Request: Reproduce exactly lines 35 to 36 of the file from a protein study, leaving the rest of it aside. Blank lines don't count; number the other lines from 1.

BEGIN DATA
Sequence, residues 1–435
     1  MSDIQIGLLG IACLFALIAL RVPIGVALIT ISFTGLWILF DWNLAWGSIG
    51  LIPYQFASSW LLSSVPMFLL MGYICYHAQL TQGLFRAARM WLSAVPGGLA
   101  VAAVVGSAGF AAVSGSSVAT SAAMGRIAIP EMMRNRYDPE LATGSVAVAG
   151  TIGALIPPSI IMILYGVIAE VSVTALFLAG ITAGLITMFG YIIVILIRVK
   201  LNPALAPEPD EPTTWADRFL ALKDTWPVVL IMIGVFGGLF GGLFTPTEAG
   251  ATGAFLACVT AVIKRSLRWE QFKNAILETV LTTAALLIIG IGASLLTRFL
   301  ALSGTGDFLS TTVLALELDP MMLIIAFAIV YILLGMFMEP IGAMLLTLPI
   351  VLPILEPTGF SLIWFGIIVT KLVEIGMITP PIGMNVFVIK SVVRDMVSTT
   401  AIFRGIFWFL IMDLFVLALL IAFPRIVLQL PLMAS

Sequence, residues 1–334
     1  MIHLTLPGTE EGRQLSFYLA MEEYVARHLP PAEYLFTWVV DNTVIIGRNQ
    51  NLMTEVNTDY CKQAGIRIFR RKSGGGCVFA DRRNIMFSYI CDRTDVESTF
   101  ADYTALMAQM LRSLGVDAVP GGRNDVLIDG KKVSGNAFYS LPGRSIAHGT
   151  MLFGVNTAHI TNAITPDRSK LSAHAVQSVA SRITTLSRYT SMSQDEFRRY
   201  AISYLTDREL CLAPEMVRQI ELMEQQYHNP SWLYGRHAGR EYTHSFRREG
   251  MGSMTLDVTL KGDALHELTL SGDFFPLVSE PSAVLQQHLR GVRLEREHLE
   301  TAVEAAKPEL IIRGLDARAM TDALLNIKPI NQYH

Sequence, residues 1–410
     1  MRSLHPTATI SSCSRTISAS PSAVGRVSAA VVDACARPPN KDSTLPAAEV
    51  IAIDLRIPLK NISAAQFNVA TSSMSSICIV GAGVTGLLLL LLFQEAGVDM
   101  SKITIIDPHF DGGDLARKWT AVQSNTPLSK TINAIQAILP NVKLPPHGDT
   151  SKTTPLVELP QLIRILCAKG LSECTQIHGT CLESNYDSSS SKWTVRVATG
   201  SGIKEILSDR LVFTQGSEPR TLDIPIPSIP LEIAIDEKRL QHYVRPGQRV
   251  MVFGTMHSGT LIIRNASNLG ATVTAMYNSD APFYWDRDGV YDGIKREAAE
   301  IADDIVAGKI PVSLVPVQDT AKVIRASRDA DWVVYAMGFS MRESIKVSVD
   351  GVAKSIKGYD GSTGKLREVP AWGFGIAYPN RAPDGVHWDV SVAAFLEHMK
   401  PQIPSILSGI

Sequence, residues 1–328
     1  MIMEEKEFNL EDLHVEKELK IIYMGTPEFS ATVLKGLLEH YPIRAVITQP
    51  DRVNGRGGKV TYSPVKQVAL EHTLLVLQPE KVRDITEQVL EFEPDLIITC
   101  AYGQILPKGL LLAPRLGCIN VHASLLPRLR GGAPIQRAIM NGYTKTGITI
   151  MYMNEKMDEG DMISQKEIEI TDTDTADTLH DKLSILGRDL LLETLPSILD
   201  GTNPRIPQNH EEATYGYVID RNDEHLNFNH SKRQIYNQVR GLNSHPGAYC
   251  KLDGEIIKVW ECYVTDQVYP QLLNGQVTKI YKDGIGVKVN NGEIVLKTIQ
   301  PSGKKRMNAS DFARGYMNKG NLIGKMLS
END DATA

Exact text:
   251  KLDGEIIKVW ECYVTDQVYP QLLNGQVTKI YKDGIGVKVN NGEIVLKTIQ
   301  PSGKKRMNAS DFARGYMNKG NLIGKMLS